Officially, he has been Europe's Ryder Cup captain for more than a year, shaking the hands, making the appearances and the wild-card picks, designing the team's schedule and even its bags.
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But as golf's longest prologue accelerated into its final phase at Celtic Manor this week, Colin Montgomerie was still visibly reveling in his role, brightening whenever he was addressed as Captain Montgomerie.
"That's a very polite start; I hope your question resembles it," he said to a reporter with mock gravity Monday.
Montgomerie, the bushy-haired 47-year-old Scot, has had other domains. He won the European Tour's Order of Merit a record seven consecutive times in the 1990s. But the Ryder Cup has been his happiest hunting ground, the place where he could throw back his sometimes sagging shoulders, flash his toothiest grin, adopt his finest head-of-the-family manner and make everyone forget, for the duration of a few days, that he had never managed to win a major championship.
"If he's anywhere near as good a Ryder Cup captain as he was a Ryder Cup player, he'll be tough to beat," said Tom Lehman, a former United States captain who is an assistant captain under Corey Pavin this year.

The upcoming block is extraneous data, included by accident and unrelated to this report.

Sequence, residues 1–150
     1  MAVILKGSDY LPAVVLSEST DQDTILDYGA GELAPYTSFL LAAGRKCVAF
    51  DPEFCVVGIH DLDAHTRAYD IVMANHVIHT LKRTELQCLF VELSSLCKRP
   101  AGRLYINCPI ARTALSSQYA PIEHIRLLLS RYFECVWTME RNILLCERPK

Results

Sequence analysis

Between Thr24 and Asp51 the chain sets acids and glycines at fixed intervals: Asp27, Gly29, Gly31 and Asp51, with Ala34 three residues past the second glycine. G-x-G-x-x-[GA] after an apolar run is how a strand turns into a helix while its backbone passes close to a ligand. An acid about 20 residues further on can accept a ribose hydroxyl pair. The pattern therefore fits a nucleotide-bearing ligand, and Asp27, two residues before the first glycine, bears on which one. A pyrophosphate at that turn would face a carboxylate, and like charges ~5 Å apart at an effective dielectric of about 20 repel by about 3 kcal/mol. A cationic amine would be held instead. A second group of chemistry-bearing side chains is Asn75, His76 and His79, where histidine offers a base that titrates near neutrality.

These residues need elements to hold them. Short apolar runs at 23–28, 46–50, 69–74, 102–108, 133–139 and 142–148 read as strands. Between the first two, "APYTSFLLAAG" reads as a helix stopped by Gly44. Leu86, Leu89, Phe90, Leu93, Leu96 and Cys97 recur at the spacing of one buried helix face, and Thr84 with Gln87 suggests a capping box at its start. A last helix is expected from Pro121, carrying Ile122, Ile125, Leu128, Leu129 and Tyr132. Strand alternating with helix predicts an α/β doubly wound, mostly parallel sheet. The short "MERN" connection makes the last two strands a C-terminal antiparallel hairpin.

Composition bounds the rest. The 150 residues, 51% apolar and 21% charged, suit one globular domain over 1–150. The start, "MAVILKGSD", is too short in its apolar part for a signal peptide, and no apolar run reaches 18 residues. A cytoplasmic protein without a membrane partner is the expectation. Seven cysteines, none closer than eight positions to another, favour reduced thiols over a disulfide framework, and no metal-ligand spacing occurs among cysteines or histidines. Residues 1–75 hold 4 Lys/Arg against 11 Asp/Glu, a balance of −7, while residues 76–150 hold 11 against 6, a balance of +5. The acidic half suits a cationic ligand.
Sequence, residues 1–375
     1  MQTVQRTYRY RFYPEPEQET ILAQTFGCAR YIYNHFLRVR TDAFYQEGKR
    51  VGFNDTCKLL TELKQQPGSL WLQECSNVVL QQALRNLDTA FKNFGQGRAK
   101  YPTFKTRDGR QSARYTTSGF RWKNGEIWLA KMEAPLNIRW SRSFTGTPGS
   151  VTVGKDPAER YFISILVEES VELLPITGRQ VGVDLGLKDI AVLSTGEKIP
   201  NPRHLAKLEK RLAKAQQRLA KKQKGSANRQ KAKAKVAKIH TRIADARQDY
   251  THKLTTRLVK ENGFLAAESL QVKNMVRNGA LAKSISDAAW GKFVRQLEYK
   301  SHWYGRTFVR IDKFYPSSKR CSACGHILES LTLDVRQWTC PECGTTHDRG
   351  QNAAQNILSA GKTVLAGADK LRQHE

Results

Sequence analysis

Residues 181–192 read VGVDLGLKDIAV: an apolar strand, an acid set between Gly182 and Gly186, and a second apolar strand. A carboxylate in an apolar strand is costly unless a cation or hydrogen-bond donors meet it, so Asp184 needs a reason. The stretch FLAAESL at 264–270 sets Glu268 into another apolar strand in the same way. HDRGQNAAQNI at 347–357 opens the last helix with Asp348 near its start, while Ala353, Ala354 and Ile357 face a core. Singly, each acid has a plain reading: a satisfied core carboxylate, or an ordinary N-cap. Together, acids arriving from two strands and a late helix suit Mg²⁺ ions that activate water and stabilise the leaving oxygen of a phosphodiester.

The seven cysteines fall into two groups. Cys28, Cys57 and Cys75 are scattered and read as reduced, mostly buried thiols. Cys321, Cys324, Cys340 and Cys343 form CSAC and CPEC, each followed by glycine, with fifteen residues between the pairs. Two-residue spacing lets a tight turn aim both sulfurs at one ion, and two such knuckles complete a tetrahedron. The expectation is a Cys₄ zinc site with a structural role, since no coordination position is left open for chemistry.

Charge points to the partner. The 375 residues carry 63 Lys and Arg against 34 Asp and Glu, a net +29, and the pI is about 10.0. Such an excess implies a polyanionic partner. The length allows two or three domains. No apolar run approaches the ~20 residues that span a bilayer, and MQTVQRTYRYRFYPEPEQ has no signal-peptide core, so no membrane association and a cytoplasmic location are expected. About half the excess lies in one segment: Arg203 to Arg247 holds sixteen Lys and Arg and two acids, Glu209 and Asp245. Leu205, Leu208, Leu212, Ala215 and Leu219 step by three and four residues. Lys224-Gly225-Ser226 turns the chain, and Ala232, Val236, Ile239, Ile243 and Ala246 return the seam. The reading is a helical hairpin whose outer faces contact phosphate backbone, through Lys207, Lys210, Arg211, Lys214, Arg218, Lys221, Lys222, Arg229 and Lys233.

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The Cup is not the house that Montgomerie built for Europe. That honor belongs to the Englishman Tony Jacklin and the Spanish swashbuckler Seve Ballesteros, who played the leading roles in rescuing the Cup from American domination.
But Monty, as he has been known since childhood, has certainly been an excellent caretaker. From 1995 through 2006, with Montgomerie at his peak, Europe won five of six Cups. The only loss came in 1999 in Brookline, Mass., when the Americans roared back on the final day with the help of boisterous fans, some of whom yelled unprintable things at Montgomerie and caused his father, James, to leave the course.
Montgomerie qualified for his first team in 1991, intent on playing for Europe to honor his mother, Betty, who had died of lung cancer earlier that year at age 53. One of the first moves he made as a team member was to mistakenly put on the golf shoes of the European star Nick Faldo. But he would soon find his footing and his putting stroke, something that has proved more difficult for him when playing for himself.
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"I've always hit my putts slightly firmer in Ryder Cup play," Montgomerie said, pointing out that his succession of top partners, including Bernhard Langer and Padraig Harrington, have allowed him the freedom to be aggressive.